SA Health to delay EPAS at RAH until new hospital complete
The South Australian Department of Health will wait until the new Royal Adelaide Hospital is complete in 2016 before implementing the Enterprise Patient Administration System (EPAS) in a further delay to the system's roll-out.
The original plan for the roll-out was to go live at Noarlunga and Port Augusta hospitals in 2013 and the other metropolitan hospitals, including the existing RAH, in 2014.
However, the roll-out has been delayed by a series of problems, including a protracted issue with the billing system, claims by the state government that cuts to hospital funding in last year's federal budget would affect its plans, and a number of flaws in the clinical modules.
A critical Auditor-General's report released last December found that there were close to 5000 defects in the system, not just affecting billing. Auditor-General Simon O'Neill also found that it would cost more than expected – rising from the original $408 million to $422 million – which would negate the estimated financial benefits of implementing the system over maintaining legacy solutions.
SA Health called a temporary halt to the roll-out last year to iron out some of the problems through what it calls a “stabilisation phase”.
SA Health CEO David Swan issued a statement today saying that the period of stabilisation had been successfully completed, and the department was now developing plans for its implementation at the new RAH.
“The original plan to implement the EPAS solution into the current Royal Adelaide Hospital and then the new RAH was reliant on having a stable technical platform,” Mr Swan said.
“This stabilisation work needed to be finalised before we reviewed the EPAS implementation schedule, and this has now been successfully completed.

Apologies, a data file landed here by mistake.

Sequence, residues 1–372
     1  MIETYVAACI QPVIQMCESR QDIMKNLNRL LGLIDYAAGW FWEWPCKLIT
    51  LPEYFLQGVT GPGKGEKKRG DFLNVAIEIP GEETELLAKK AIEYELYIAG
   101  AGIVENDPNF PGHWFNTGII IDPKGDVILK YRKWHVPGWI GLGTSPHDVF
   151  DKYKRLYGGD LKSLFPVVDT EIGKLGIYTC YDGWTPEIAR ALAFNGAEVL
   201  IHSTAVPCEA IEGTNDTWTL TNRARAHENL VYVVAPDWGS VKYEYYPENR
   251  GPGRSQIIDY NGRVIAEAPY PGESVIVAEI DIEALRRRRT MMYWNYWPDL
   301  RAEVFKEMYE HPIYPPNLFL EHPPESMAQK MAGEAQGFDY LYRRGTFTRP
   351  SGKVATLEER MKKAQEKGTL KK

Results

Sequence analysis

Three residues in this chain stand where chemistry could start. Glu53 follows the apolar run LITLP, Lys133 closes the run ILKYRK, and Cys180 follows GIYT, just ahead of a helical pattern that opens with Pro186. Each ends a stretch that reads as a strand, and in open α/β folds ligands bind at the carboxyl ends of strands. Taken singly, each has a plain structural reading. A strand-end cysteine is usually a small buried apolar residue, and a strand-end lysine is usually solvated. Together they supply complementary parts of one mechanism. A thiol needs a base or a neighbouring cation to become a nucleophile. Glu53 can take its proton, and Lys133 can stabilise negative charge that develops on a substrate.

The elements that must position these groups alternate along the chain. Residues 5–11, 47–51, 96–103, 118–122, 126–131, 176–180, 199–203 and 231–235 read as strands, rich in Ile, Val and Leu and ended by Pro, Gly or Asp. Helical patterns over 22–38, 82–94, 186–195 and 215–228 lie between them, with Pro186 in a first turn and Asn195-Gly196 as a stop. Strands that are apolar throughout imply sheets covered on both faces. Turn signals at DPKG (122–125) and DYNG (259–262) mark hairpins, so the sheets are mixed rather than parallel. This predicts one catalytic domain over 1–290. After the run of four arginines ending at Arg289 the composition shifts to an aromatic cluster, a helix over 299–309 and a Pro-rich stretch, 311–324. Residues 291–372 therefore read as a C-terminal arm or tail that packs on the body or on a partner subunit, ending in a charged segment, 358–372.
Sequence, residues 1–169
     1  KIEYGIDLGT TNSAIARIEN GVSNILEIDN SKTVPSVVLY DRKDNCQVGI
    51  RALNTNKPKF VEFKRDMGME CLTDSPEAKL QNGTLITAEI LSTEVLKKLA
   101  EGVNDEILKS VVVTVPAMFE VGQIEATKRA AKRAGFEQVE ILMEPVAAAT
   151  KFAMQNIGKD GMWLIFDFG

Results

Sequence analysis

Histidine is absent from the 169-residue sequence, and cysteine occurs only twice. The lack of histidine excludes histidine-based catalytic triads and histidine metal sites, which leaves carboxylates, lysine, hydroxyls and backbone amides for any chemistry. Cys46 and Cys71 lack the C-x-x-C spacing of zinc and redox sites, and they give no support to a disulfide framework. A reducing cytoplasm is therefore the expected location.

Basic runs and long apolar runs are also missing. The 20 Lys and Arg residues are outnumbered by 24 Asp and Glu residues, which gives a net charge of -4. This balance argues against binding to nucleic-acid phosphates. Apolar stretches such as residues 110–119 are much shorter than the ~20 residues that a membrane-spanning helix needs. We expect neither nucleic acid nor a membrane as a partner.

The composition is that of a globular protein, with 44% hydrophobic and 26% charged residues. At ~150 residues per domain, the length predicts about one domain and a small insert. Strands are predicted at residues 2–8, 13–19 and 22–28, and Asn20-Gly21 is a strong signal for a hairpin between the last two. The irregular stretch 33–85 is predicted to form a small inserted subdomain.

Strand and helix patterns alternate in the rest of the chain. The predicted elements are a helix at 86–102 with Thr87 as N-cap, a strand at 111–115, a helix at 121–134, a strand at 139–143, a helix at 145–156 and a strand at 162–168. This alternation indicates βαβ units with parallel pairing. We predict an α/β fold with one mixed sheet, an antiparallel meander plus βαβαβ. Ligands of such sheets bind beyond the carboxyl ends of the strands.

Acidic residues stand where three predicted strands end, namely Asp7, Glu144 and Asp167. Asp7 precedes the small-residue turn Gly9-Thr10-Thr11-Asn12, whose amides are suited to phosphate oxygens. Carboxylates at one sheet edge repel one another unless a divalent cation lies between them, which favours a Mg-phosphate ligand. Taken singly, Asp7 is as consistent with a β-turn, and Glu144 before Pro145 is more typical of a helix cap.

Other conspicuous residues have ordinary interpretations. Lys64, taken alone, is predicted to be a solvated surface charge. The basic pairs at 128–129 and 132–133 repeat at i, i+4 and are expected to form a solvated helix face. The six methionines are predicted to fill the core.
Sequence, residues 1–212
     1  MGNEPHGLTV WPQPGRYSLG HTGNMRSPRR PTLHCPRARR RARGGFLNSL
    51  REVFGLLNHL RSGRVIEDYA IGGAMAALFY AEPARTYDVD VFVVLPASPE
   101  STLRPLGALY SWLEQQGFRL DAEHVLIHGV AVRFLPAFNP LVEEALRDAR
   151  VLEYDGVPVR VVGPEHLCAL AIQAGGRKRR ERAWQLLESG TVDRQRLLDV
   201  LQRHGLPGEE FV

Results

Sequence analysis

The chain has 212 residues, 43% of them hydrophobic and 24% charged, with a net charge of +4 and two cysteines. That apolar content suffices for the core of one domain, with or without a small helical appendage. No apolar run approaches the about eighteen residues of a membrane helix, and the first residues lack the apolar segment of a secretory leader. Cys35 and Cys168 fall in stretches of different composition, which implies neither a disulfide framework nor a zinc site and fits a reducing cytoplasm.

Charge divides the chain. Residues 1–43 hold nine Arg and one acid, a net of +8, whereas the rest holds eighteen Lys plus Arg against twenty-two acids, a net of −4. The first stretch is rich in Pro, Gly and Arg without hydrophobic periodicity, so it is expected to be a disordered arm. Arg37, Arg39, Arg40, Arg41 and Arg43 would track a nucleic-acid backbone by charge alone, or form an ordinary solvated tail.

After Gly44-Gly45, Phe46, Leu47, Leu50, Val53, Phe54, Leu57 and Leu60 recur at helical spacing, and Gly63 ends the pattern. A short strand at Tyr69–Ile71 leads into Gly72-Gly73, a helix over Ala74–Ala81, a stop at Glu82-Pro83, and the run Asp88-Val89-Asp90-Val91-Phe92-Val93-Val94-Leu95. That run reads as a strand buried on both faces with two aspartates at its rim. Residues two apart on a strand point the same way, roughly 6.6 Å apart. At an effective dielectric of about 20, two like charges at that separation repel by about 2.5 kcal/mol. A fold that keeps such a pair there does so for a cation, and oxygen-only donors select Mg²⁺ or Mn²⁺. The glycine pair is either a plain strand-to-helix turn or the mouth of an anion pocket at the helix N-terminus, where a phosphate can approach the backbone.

“Upon review, and with the timeframe available to us, it has become apparent that the most appropriate approach is to concentrate our resources on implementing EPAS directly into the new Royal Adelaide Hospital in 2016.”
He said this would provide more time to deliver a comprehensive EPAS training strategy that aligns with the new model of care at the new RAH.
“A comprehensive training program is currently being developed and will be made available to all staff well in advance of the move to the new hospital,” he said.
“This training will include reviews of workflows, workshops and practical simulation training to ensure all staff are fully conversant with EPAS well before it is activated at the new RAH.”
In addition to critical reports detailed in the Auditor-General's report from some clinicians currently using the system, EPAS has been a sticking point in the Rural Doctors' Association of South Australia's (RDASA) contract negotiations with Country Health SA.
RDASA warned in November last year that negotiations for the next three-year industrial agreement for rural GPs working as VMOs at Country Health SA hospitals were in danger of breaking down over four key issues, including the requirement that they commit to using EPAS.
The SA government subsequently offered a three-month extension to negotiations in an effort to head off the possibility that rural hospitals would not be adequately staffed beyond the contract deadline at the end of February.
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